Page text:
Thorough article by Dziennik Wschodni

Lublin resident convicted to lifetime for murder instead of accident. Interview with Martha’s Mother –  Dziennik Wschodni

Lublinianka skazana na dożywocie za zabójstwo zamiast wypadek. Rozmowa z matką Marty – Dziennik Wschodni

Martha Herda's Mother


Resident of Lublin sentenced to life imprisonment for murder instead of accident. Interview with Martha’s Mother

Yes, I was the driver and unintentionally caused the accident. True, I failed to save Csaba. However that was not a murder. I didn’t wish his death. He should have stayed alive, and I should be charged of causing the accident – says 29-year-old Marta Herda. This resident of Lublin labeled by Irish media as the “Ice Queen Killer” is serving a life sentence in a maximum security prison. Her family and friends are fighting for acquittal.

– Marta is a beautiful, cute, bright girl – sobs Teresa Szczuchaniak, Marta’s mother. – Unfortunately she’s also naive. She would not hurt anyone herself and believes all others are good-natured too.

Marta left to Ireland in 2006. She was 18 back then and studied to become a social welfare assistant. When her friend offered to go abroad and earn some extra money at holiday time she immediately said,‘yes’. – Marta is really nice, no wonder others liked her very much. In a short time she got promoted and found a permanent job. This way her coming back was postponed. She used to say, ‘just a few months longer’, ‘just till the end of the year’ – says Mrs. Teresa. She didn’t enjoy life, just kept working to save as much as possible and have a good start after returning to Poland. Her sister joined her for some time. They would often go together to the beach to watch the sunrise. This was, as they said, very relaxing and soothing. They kept calling me from the beach and build me up. I was glad knowing they were happy.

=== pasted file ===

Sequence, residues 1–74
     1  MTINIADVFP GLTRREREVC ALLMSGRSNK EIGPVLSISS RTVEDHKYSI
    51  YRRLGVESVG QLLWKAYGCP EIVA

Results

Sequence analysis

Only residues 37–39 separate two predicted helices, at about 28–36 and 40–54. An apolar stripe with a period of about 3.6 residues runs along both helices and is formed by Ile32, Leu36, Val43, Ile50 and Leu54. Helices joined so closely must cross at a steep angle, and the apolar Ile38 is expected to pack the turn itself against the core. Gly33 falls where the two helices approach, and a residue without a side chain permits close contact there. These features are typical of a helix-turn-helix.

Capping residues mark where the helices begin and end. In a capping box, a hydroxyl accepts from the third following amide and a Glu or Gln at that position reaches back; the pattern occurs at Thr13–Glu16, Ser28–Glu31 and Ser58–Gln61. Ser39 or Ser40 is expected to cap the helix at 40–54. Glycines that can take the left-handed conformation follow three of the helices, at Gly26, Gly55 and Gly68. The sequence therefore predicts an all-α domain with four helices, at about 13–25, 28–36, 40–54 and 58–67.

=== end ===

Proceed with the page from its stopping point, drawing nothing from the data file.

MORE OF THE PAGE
In May 2011 Marta started work as a waiter in a luxurious hotel in Arclow, south of the country. One of her workmates was 31-year-old Hungarian named Csaba. The man helped her a lot at first showing her the ropes. They met out on town with the group of other colleagues. That was a normal bunch of joyful, young people. Later in 2012 something changed as Csaba supposedly fell in love with the Polish woman. He wasn’t discouraged with the fact that she didn’t love him back.